This is a page devoted to people who are building passive houses in New England. I also include here a list of people building (Net) Zero Energy Homes and Superinsulated homes and “Very Solar” homes as well since they (in my opinion) share 99% of the same principles. [*see Footnote 1]
(1) Passivhaus / Zero/Near-Zero Energy Homes / Superinsulated homes — Houses of Interest in New England
These are “superinsulated” homes — lots insulation and careful attention to air sealing. A realistic goal for a *new* house in New England is one that uses 5x less energy than a typical new house being built. 20%. Maybe 10x less (10%). *Retrofits* at this low level are much more difficult to do cost-effectively, so it starts being worth switching over to solar features after doing all the easy to do insulating and sealing one can.
- Passive House – VT Green Mountain Habitat for Humanity, Charlotte VT, 2010
- David Pill – Hillary Maharam ResidenceCharlotte, VT, 2007
- Clarke, Montague MA, 2009
- Haugsjaa House, Stow MA, 2010
- Livermore House more links: John Livermore Deep Energy Retrofit, Gloucester, MA, 2008 (Link 2)
- BrightBuilt Barn, Rockport, ME
- Cleveland Farm, Martha’s Vineyard MA, 2009
- Landau houseNorwich VT, 2010
- Moomaw House, Williamstown MA, 2007
- “JP Green House”, Zaleska and Ward, Boston MA, 2009
- “Pratt House”, Hare, Boston MA, 2009
- Passivhaus-inspired home, designed and built by G*O Logic, Belfast Cohousing & Ecovillage, Belfast ME, 2010
- Rice Residence, Colrain MA, 2011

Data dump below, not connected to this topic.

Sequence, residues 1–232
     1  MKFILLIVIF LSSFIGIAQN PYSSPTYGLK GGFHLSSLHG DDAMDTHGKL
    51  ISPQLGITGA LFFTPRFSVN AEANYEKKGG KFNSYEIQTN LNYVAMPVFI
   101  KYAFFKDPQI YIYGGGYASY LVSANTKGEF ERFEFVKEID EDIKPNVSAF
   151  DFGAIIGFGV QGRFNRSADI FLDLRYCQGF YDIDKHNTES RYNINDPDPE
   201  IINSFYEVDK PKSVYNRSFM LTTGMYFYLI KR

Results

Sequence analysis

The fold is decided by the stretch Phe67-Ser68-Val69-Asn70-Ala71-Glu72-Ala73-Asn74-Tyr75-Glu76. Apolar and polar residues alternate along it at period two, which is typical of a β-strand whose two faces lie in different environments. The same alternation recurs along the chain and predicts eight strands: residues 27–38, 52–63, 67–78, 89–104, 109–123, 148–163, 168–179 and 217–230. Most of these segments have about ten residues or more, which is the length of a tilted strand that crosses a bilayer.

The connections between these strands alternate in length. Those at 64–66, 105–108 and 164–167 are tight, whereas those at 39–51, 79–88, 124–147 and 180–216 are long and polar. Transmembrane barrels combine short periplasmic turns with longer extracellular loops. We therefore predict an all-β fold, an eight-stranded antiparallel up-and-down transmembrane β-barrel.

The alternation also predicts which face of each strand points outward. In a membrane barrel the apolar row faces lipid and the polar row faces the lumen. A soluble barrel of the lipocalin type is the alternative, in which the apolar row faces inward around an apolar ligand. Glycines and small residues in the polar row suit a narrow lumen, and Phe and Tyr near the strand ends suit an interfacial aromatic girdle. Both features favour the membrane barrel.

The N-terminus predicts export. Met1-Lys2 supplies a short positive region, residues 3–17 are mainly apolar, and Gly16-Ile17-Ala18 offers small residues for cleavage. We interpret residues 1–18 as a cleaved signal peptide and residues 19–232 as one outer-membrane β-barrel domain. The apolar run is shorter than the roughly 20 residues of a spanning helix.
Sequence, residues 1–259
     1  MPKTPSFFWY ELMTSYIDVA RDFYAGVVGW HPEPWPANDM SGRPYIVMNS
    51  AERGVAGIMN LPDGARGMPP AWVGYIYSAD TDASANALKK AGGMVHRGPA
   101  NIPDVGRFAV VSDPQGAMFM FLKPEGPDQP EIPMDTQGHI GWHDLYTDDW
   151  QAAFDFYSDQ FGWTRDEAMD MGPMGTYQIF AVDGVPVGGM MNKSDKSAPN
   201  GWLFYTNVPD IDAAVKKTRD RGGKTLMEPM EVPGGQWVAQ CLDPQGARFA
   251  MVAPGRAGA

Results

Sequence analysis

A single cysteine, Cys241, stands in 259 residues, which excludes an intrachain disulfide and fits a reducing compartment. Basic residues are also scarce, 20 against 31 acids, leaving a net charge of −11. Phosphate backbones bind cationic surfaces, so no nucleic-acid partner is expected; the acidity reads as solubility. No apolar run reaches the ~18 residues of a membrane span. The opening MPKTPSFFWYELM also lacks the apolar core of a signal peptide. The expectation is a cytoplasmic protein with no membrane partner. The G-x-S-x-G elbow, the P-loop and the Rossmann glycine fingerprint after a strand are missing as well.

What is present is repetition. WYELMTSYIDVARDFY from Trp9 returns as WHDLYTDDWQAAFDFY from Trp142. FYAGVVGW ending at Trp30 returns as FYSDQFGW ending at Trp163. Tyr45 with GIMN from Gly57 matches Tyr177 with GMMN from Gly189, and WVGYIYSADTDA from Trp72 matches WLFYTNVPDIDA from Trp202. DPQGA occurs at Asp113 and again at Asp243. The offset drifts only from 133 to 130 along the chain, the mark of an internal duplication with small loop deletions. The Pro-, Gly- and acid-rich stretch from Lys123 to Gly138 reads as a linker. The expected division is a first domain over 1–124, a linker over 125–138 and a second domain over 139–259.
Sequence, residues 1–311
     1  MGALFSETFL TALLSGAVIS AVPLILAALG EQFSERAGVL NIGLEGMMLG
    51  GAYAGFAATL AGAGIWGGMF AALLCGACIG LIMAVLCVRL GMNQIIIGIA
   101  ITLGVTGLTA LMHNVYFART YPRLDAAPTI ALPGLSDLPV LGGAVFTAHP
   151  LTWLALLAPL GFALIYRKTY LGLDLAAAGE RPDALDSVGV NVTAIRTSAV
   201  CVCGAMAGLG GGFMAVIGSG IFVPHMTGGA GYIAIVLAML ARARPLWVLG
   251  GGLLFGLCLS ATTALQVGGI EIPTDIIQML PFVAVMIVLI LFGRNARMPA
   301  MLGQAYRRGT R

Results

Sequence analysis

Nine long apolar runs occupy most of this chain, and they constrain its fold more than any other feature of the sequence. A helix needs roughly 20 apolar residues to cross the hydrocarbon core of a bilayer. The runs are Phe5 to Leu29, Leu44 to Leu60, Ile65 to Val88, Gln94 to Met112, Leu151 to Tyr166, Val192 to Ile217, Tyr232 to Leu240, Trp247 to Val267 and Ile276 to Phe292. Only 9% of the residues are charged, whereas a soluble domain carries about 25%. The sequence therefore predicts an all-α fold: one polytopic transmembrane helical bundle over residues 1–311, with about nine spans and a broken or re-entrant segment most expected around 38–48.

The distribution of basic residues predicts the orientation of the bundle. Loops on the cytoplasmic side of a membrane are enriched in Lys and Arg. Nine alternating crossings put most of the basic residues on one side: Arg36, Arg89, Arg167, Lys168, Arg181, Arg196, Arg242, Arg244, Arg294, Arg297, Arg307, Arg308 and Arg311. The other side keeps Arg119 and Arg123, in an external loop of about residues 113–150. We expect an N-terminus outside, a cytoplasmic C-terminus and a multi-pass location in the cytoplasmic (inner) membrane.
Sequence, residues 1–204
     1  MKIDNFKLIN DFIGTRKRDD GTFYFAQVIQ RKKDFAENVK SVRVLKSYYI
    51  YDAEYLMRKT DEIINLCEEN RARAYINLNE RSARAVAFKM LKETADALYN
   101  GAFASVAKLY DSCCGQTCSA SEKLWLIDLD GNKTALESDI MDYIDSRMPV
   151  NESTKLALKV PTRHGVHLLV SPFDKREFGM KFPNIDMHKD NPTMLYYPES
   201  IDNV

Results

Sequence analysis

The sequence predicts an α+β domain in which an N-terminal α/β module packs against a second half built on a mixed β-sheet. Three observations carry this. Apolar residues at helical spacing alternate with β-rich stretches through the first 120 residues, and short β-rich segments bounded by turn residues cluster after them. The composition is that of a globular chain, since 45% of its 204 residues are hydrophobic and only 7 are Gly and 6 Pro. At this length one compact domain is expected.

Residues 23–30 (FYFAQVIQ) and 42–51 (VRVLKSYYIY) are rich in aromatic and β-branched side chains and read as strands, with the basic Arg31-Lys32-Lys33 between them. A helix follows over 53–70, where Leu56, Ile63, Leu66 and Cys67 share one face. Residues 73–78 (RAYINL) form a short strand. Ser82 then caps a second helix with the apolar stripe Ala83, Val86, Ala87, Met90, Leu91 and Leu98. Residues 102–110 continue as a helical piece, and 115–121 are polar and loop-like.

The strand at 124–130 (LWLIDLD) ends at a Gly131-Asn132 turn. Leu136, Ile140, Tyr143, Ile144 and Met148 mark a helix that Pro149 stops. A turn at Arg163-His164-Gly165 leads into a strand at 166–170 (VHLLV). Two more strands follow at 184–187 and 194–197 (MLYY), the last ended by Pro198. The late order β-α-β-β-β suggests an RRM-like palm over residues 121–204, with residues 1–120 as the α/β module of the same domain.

- Up Hill House, Cambridge NY 2011
- Green Acres Development, New Paltz NY, 2009
- Hudson Passive ProjectClaverack NY, 2011
- Ross ResidenceAmherst MA, 2010
- Beaton Passive House, Shrewsbury MA, 2010
- Cape Cod/Falmouth Passive House, East Falmouth MA, 2010
- 4D HomeBoston MA, 2011 (Passivhaus)
- Redfern HousePortland ME, 2009
- Max Horn, Hull MA, 2009
- Homes at Easthampton MeadowEasthampton MA, 2011
- Unity College Passivhaus — Terrahaus Unity, ME, 2011
- EcoCor Passivhaus, Knox ME, 2011
A few other houses from other cold climates which you might not have heard of…
– Schoolhouse Deep-Energy Retrofit Ontario, Canada, 2008
(2) Builders of Interest
Any experienced builder could build a passivhaus / superinsulated house / zero energy home (ZEH) but it just means a commitment to the goal and learning some new things along the way. It’s not rocket-science. It just requires an open mind. Here are some who are already doing it.
– Transformations, Townsend MA
– Byggmeister, Newton MA – certified passivehaus consultant
– Bick Corsa Carpentry, firstname.lastname@example.org
– Placetailor – certified passivehaus consultant
– Tom Boynton, Shutesbury MA
(3) Architects/Designers of Interest
– Kraus-Fitch, Amherst, MA
– Coldman & Hartman, Amherst, MA
– Jon Michael Wyman, Shelburne Falls, MA
– Christopher Briley, Yarmouth ME
– Kaplan Thompson
– John Connell, 2morrow Studio
(4) Solar Heating
A forth list should be solar heated homes, since solar can be another way to reduce heating needs and with the right site with good solar access, should be considered as well.
- BuildItSolar.com, for affordable approaches to solar heating and solar hot water. Useful for DIYers but also as an amazin resource for your builder/solar team.
– SolarHeat discussion group. An amazing resource of people. Free subscription required.
– read up on the homes of Norman Saunders documented by William Shurcliff. The basic idea of having a thermally isolated, low-mass sunspace which heats up (and then you use a fan to transfer the heat to the house) is a good one. An extension of this is “solar siding” or “themosiphon air panels” which essentially makes than sunspace 8 inches deep instead of 8 feet. The folks at the SolarHeat group will point you in the right direction.
– Other Energy-efficient house blogs
1. There is only some disagreement about how far to go with insulation vs transitioning to PVs, but it is at some level, a trivial disagreement article and discussion: PVs vs insulation / Passive House vs Zero Energy Homes. In the end, it is about being very very energy efficient.